Huguenots in Lisburn

But the northern counties of Down and Antrim were, more than any other parts of Ireland, regarded as the sanctuary of the refugees. Lisburn (formerly called Lisnagarvey), about 10 miles south-west of Belfast, was one of their favourite settlements.

The Government of the day, while they discouraged the woollen-manufacture of Ireland, because of its supposed injury to England, made every effort to encourage the trade in linen. In 1697 an Act was passed with that object, containing various enactments calculated to foster the growth of flax, and the manufacture of linen cloth. Before the passing of that Act, William III. invited Louis Crommelin, a Huguenot refugee, then located in Holland, to come over into Ireland, and undertake the superintendence of the new branch of industry. In 1698 Crommelin accepted the invitation, and pitched upon the village of Lisnagarvey (now Lisburn) as the most suitable site for the erection of a linen factory; and William appointed him “Overseer of the Royal Linen Manufactory of Ireland.”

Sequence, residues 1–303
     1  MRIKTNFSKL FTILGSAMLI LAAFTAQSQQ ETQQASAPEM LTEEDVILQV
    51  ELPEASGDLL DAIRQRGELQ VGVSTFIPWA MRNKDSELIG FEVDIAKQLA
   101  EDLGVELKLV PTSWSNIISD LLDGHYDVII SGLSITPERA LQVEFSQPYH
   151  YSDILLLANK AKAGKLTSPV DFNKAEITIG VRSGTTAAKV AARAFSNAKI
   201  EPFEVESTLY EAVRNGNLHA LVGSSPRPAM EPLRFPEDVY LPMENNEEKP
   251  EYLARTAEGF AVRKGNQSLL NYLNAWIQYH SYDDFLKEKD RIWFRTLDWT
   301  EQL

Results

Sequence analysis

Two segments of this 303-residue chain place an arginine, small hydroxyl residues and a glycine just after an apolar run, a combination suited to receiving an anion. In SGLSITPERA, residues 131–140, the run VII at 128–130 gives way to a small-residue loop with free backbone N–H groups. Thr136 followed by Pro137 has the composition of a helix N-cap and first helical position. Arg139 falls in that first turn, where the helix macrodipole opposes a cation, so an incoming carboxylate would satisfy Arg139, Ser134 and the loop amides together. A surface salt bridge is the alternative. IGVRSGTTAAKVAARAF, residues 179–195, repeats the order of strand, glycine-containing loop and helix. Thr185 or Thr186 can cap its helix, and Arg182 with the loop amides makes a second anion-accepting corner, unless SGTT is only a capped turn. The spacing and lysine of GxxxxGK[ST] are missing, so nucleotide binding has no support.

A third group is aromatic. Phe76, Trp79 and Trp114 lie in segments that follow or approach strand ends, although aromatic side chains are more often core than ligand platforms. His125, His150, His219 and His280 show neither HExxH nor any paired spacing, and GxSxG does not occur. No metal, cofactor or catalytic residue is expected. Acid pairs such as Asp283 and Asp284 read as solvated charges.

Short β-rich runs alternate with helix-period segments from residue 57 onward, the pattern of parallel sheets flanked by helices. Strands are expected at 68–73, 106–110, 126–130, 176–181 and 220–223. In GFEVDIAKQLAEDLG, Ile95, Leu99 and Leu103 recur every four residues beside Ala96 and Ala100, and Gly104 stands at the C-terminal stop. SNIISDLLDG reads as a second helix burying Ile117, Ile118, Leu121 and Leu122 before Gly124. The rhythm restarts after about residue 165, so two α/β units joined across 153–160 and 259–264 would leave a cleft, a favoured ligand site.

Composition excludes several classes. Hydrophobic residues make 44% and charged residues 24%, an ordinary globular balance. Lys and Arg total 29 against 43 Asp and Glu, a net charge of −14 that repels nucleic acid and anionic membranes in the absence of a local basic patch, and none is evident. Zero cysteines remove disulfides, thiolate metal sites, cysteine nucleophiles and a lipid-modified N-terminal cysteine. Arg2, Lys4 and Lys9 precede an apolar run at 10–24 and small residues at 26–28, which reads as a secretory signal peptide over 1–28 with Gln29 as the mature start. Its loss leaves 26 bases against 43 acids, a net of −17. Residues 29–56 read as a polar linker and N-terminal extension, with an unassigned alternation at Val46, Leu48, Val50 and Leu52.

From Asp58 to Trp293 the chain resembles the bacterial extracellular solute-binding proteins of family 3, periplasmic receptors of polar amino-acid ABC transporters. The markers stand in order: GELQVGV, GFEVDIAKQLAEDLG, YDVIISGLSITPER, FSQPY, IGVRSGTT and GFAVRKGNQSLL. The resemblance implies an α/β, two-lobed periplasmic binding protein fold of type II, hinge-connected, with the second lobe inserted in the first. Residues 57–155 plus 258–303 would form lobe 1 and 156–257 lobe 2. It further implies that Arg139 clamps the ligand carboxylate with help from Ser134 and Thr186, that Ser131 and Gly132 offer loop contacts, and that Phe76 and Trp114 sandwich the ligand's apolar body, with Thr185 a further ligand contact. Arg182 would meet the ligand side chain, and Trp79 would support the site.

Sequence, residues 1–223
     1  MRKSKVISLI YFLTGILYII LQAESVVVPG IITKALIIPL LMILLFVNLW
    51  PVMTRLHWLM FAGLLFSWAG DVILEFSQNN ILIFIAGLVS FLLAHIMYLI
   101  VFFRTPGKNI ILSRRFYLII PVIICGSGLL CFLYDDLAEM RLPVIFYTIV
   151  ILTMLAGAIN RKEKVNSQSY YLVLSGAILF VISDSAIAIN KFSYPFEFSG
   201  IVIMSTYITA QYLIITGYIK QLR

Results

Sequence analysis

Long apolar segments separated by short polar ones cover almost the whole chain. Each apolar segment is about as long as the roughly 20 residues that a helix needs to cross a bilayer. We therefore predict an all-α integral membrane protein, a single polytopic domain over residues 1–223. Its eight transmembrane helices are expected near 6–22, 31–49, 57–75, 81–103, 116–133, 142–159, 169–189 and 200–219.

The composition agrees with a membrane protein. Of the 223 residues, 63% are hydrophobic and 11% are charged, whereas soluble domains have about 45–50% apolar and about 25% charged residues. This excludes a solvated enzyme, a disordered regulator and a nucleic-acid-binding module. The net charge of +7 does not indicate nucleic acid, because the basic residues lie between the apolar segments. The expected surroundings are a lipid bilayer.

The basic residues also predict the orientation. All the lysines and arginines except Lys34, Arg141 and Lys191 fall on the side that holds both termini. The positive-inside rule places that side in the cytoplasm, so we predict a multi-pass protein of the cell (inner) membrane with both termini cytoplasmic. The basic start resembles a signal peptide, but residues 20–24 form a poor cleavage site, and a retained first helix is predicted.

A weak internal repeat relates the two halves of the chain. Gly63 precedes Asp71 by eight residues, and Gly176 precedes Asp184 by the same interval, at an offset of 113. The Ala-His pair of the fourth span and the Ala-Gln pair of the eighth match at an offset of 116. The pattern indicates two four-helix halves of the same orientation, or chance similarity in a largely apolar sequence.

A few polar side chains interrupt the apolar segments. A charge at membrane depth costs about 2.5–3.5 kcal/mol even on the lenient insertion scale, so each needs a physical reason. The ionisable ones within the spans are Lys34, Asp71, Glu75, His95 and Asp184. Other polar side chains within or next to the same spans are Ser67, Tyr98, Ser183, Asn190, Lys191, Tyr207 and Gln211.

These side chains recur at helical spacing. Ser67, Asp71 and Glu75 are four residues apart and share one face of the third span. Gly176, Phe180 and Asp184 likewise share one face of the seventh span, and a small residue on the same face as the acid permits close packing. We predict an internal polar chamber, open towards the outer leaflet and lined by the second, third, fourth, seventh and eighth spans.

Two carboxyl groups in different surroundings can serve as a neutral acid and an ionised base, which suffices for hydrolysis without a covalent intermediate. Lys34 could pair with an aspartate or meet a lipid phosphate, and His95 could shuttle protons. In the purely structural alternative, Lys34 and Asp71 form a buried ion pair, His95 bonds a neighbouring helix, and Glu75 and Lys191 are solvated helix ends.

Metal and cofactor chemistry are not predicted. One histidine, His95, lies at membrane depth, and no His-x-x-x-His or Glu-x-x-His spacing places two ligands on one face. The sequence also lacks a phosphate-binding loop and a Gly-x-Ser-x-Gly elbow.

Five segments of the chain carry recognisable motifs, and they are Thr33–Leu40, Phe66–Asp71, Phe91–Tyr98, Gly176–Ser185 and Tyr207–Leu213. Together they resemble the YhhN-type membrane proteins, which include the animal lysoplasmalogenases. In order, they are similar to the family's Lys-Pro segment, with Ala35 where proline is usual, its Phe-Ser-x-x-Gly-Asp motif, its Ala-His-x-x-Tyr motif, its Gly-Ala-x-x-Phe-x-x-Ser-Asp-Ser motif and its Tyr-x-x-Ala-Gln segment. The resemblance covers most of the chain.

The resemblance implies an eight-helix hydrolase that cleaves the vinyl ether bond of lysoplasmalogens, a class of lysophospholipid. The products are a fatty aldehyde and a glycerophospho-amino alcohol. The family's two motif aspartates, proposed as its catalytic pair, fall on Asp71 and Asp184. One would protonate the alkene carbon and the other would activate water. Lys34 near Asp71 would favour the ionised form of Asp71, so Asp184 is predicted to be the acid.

Among the other French settlers at Lisburn was Peter Goyer, who there established the manufacture of silk and cambric; the silk manufacture there, however, was destroyed in 1798, but that of cambric has survived.

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